Religious investors welcome climate progress at midwestern utilities

Date: 
Feb 28th 2018

Shareholders withdraw resolutions at CMS and WEC based on commitments to publish climate risk assessments.

Shareholders announced on February 28 that they have withdrawn resolutions filed for the 2018 proxy at mid-western utilities, CMS Energy Corporation and WEC Energy Group as a result of commitments the utility companies have made to publish climate risk assessment reports. 

The investors were satisfied that both companies agreed to the main demands of the proposal.  Specifically, both companies promised to publish an assessment of the long-term business impacts of limiting global warming to under 2-degrees Celsius, as adopted by the Paris Climate Agreement. 

The shareholders are members of Seventh Generation Interfaith (SGI), a Milwaukee, WI-based coalition of faith-based institutions and values-based asset managers that has been a leading voice on the risks of climate change for decades. As members of the global coalition the Interfaith Center on Corporate Responsibility, they have engaged a host of companies across a range of sectors. 

Apart from the enormous threat climate change presents to planet and people, investors make a strong business case for climate action, particularly as utilities are high emitters of the greenhouse gases seen as responsible for climate change. 

"These two utility companies are climate leaders in the Midwest,” said Frank Sherman, Executive Director of SGI. "They recognize that market forces and their customer base are pushing them to exceed federal climate regulations and state renewable portfolio standards. Although they are big companies, utilities have a very local focus and are highly dependent on the social license granted by the communities where they operate."

In identifying current and future climate risks, investors say the companies will be better positioned to adapt to regulatory, technological and market changes. Two-degree scenario planning is critical to the electrical utility sector given the long time horizon of their capital spending plans. The sector’s flexibility in production fuel mix enables utilities to be a major contributor to the Paris Climate targets. A similar resolution was filed last year at oil and gas giant Exxon Mobil and received majority shareholder support. 

In 2015, CMS was the 21st largest emitter of CO2 among power generators in the U.S. but made significant progress in emissions reductions by recently retiring 7 of its 12 coal plants. Shareholders requested that the company publish an assessment of the long-term impacts on the company’s fuel mix and capital expenditure plans aligned with a two degree scenario. 

Sr. Ruth Geraets of the Sisters of the Presentation of the Blessed Virgin Mary of Aberdeen SD who led the filing of the resolution at CMS said, “My congregation is concerned about climate change and the critical need to reduce greenhouse emissions because our mission calls us to care for creation. As long-term shareholders in CMS, we believe having a strategy in place to meet climate challenges head-on will improve CMS’ competitive position over the long term. We were pleased to see CMS step up to this challenge with its recently announced clean energy breakthrough goals.”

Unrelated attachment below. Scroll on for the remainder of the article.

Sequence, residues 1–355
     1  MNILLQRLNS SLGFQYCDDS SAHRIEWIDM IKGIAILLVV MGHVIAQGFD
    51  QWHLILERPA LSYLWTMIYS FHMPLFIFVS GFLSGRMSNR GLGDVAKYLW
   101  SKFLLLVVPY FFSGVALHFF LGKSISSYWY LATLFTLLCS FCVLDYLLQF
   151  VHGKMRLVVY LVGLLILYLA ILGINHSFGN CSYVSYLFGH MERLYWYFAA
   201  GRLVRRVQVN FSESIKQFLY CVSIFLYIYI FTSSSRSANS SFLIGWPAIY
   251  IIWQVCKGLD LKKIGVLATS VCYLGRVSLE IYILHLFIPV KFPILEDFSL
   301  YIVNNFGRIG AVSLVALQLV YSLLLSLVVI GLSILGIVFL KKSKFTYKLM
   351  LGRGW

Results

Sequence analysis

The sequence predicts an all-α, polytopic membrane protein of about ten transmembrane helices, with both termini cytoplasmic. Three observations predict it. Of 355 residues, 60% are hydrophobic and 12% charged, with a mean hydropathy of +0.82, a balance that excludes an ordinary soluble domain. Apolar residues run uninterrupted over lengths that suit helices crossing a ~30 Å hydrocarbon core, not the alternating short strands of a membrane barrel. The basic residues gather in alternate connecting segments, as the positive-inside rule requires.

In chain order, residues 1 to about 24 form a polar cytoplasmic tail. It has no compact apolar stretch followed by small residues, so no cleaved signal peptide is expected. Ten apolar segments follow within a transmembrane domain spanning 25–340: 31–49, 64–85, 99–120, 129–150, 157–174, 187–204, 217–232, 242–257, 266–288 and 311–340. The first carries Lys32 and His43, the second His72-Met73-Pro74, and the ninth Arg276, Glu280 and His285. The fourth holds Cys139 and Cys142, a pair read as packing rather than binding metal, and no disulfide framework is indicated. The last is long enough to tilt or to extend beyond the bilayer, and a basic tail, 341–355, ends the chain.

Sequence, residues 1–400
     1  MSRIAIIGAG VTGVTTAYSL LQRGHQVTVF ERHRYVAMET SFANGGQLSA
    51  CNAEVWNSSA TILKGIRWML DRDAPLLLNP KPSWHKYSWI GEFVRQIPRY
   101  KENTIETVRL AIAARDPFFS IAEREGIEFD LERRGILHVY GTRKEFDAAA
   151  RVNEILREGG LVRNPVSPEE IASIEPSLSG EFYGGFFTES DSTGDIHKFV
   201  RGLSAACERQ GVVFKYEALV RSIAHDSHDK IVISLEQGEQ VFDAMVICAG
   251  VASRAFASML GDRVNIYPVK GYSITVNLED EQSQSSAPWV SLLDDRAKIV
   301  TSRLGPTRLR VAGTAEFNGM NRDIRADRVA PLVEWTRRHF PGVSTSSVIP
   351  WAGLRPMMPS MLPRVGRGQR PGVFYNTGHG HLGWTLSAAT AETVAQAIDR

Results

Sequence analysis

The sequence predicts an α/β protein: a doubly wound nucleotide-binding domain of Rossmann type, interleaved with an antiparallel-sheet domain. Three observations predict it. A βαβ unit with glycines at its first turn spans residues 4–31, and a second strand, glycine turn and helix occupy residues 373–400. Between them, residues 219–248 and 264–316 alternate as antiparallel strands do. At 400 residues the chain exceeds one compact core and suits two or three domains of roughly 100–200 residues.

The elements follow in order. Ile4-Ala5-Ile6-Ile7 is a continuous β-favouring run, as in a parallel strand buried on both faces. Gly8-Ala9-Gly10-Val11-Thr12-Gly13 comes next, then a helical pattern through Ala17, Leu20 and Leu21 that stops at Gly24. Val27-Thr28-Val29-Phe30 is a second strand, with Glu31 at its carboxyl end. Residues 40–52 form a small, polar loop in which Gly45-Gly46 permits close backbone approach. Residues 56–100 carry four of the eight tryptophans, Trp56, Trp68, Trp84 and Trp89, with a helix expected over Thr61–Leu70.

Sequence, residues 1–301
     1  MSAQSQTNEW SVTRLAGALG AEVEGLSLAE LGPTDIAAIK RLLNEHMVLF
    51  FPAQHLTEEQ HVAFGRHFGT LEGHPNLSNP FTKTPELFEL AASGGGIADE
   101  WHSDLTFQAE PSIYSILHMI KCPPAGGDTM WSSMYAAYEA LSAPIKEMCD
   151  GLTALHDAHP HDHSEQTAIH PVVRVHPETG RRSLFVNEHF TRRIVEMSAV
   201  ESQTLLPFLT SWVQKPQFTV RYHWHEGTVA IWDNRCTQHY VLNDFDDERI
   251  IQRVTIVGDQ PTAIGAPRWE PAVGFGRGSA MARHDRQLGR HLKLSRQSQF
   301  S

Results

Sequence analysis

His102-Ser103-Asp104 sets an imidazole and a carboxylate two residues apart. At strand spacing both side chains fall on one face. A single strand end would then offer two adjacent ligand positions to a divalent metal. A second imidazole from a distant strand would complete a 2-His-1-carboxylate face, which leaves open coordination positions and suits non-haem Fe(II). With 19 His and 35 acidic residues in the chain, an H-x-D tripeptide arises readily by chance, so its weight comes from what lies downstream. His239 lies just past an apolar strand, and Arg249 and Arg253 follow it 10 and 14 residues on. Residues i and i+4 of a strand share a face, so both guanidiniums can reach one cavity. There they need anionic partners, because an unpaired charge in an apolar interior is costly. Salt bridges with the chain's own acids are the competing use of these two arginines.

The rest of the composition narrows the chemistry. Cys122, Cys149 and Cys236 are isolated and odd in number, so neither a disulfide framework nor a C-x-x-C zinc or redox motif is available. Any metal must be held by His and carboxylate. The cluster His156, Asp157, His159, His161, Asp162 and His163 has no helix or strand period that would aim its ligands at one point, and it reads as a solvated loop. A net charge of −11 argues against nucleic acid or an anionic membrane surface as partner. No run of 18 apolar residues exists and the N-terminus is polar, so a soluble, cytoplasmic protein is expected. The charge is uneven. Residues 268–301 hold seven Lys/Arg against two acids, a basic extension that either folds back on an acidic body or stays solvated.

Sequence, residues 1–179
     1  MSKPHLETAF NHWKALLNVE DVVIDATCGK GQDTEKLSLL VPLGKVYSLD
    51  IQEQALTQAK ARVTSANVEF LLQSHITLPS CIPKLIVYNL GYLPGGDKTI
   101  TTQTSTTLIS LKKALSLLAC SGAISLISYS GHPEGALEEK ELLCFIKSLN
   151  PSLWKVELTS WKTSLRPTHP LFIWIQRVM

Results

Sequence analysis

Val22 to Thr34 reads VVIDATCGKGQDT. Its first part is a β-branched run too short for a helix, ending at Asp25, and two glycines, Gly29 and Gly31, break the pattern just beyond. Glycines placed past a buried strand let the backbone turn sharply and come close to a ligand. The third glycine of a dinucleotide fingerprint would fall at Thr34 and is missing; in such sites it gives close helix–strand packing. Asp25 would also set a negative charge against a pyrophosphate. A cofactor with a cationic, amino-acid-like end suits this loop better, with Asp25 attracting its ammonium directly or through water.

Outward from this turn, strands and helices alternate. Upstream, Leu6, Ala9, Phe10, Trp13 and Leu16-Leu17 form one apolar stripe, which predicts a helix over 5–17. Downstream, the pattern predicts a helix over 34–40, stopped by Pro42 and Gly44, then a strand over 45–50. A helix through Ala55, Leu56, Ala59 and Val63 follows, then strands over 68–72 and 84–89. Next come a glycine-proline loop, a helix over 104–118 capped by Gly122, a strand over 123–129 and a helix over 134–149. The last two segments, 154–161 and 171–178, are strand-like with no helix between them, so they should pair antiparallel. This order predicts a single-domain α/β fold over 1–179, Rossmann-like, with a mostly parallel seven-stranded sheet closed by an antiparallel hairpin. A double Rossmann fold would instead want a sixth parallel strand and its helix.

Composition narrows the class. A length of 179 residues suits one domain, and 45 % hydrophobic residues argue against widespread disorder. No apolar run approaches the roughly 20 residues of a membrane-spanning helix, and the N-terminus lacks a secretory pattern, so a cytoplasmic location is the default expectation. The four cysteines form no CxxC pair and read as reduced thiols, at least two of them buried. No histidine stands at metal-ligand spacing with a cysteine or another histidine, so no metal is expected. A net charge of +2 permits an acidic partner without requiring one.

WEC Energy Group is the 22nd largest energy utility in the U.S., but the 13th largest emitter of CO2 by intensity. WEC has a 2030 GHG reduction target but does not currently provide sufficient information on its long-term strategy or plan to decarbonize in ways that are consistent with a 2-degree scenario. In filing the resolution, the investors were registering their concern that WEC is not properly accounting for the risk of its current high reliance on carbon-intensive generation.

Said Tim Dewane of the School Sisters of Notre Dame Central Pacific Province, who filed the resolution at WEC, “The Financial Stability Board’s Task Force on Climate-Related Financial Disclosures recommended the use of scenario analysis and disclosure of climate-related risks and opportunities as an important first step in curbing global warming. We were pleased that WEC retained their commitment to 2030 GHG reduction targets even after the EPA abandoned the Clean Power Plan, and we are heartened by management’s commitment to undertaking a 2-degree scenario analysis.” 

Investors say they will monitor the implementation of these agreements and look forward to further productive dialogues with both companies.

 

About the Interfaith Center on Corporate Responsibility (ICCR)

Celebrating its 47th year, ICCR is the pioneer coalition of shareholder advocates who view the management of their investments as a catalyst for social change. Its 300 member organizations comprise faith communities, socially responsible asset managers, unions, pensions, NGOs and other socially responsible investors with combined assets of over $400 billion. ICCR members engage hundreds of corporations annually in an effort to foster greater corporate accountability. www.iccr.org

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